MS affects women two to three times more often than men. Pregnancy has a temporary beneficial effect on MS disease activity in women. Exploring these and other gender-related aspects and differences is bringing new insights about the course of MS and may lead to new therapies.
In 1998, the National MS Society targeted this area to fuel its potential for unraveling the mysteries of MS and developing new therapeutic strategies. In 2003, the initiative was declared to be a success in attracting investigators into this previously underserved area, in generating new data and in resulting in the expenditure of nearly $10 million in new research and training focused on sex-based issues that impact MS.
The Society’s gender initiative, which was funded by a special campaign, generated new information on sex differences in disease course, the immune system, brain tissues, hormonal influences, and response to infection, and significantly increased the body of scientists pursuing these questions in MS.
Here is a sample of studies recently funded by the National MS Society on this now-mainstreamed area of gender research:
- In the first effort of its kind in MS, Rhonda Voskuhl, MD (University of California, Los Angeles) is leading a team of investigators at 15 medical centers to conduct a two-year, controlled clinical trial of the oral sex hormone estriol added to standard therapy to treat MS. This study is based on a previous, smaller trial funded by the Society’s gender research initiative. Investigators are administering estriol along with glatiramer acetate or glatiramer acetate plus inactive placebo to 150 women with relapsing-remitting MS. If successful, this clinical trial could lay the groundwork for a larger, definitive trial that could lead to a new treatment option for women with MS. This study is being funded by the National MS Society in partnership with the Society’s Southern California chapter and the National Institute of Neurological Disorders and Stroke.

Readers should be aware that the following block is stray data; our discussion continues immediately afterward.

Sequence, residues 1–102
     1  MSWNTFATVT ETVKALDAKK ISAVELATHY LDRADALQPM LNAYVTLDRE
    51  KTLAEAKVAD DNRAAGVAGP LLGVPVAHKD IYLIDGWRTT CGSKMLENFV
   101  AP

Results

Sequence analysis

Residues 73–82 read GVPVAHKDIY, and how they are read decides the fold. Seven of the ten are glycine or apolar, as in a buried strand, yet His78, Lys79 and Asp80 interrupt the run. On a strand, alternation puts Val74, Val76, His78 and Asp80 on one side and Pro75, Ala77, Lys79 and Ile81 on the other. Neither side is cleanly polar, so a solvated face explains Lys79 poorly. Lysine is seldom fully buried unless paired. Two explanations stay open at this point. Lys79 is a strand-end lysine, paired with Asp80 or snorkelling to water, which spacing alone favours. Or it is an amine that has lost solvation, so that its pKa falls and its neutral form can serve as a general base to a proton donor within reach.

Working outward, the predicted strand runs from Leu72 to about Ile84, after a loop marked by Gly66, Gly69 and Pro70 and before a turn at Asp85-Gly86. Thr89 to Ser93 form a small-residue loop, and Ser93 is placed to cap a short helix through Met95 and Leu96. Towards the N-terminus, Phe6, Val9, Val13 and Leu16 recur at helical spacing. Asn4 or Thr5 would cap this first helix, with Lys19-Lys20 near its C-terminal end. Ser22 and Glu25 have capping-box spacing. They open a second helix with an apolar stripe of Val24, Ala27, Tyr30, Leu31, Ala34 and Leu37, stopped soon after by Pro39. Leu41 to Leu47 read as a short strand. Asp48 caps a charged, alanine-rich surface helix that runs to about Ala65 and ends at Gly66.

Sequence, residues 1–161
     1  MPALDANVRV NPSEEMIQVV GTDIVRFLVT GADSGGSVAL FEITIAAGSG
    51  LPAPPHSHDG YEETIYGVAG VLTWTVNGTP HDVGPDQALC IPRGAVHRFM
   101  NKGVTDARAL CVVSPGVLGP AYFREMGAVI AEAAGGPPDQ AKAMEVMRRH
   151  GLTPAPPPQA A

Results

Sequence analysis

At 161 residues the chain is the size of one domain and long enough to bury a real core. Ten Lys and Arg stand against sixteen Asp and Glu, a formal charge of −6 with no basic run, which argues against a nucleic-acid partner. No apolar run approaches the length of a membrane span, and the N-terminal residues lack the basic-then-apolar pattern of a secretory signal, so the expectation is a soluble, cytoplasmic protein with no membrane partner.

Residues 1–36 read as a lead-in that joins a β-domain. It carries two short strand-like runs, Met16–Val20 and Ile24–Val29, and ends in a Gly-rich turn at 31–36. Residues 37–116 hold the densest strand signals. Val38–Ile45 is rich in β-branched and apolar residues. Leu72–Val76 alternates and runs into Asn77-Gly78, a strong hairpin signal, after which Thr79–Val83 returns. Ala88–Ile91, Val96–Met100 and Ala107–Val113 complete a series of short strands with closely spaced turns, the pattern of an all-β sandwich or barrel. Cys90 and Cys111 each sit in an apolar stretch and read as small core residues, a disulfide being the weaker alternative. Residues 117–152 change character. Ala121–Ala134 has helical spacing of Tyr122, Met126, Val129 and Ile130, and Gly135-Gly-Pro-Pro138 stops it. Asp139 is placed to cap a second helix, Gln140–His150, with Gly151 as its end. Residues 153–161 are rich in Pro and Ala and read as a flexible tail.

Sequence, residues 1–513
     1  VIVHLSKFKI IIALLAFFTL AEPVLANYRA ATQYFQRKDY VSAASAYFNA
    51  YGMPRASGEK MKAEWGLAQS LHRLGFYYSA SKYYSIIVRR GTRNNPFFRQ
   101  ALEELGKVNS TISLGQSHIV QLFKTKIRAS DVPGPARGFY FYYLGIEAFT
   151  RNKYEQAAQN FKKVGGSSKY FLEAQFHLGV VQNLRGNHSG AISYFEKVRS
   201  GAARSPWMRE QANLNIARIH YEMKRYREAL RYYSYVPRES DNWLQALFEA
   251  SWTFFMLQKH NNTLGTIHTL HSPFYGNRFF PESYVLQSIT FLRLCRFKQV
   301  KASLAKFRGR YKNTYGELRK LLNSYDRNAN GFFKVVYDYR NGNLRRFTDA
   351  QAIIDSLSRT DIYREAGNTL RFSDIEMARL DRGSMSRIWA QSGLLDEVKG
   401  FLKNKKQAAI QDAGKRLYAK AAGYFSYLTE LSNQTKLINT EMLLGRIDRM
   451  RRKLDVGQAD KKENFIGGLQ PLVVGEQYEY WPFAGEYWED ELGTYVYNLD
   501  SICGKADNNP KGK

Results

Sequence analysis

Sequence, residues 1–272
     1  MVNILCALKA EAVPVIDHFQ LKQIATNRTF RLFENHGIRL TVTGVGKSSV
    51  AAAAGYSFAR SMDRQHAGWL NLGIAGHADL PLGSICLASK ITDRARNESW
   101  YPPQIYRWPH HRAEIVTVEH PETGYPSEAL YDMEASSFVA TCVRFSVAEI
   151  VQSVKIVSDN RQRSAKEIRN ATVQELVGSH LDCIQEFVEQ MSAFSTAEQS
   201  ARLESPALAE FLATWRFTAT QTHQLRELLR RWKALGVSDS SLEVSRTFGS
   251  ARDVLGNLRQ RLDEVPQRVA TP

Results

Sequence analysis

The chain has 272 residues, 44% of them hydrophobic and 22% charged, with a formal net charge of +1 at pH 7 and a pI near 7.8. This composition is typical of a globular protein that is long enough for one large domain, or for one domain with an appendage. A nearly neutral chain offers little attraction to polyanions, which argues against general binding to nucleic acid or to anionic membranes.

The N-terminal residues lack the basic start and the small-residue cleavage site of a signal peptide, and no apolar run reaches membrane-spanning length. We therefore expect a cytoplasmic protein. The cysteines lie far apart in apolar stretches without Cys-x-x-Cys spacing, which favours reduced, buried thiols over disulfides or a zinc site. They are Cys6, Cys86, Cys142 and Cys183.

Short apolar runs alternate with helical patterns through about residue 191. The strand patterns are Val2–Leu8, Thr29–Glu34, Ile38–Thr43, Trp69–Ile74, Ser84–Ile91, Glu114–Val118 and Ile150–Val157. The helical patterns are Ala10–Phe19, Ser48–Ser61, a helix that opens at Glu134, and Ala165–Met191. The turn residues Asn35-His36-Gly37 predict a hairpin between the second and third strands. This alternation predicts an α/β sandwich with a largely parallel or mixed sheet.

- Elizabeth P. Blankenhorn, PhD (Drexel University) is seeking to identify genes that are responsible for gender differences. Her team is taking a unique approach to try to separate the influences of genes versus hormones in mice with the MS-like disease EAE. Because of the similarities between the genetic material of mice and humans, the genes identified through this study will be directly testable in terms of their possible involvement in human MS. Previous research funded by the Society’s gender initiative identified a variation in a gene that controls a powerful immune messenger chemical called interferon (IFN) gamma. IFN gamma has been linked to immune attacks in MS, and these findings suggest that men have the gene variant that causes high levels of interferon gamma less often than women.
- Patrizia Casaccia, MD, PhD (UMDNJ-Robert Wood Johnson Medical School) is exploring how gender differences may impact the development of a novel strategy to repair tissue lost in MS. Because MS can destroy the insulating myelin that wraps nerve fibers and the nerve fibers as well, finding ways to repair myelin and protect the nerve fibers is crucial to recovery of normal neurologic function. One possibility is to find ways to stimulate adult stem cells that reside in the brain to repair damaged tissues. In her studies of mice, Dr. Casaccia has discovered that the number of stem cells in the brain is regulated by the function of a gene called p53 and is also differentially regulated by sex hormones and gender. Among her team’s experiments are attempts to enhance the ability of transplanted adult stem cells to survive and form myelin in the two sexes. If Dr. Casaccia-Bonnefil’s efforts are successful, it will provide potential ways to enhance myelin repair in MS and offer new information on why MS may have a very different disease course in men and women.
- Robert P. Skoff, PhD (Wayne State University) is defining differences in the cells that make myelin in males and females. Myelin insulates nerve fibers and is a prime target in MS. He hopes to determine whether differences in these cells, such as their response to sex hormones and capacity for rebuilding damaged myelin, play a role in why women are more susceptible to MS than men, and experience differences in disease course.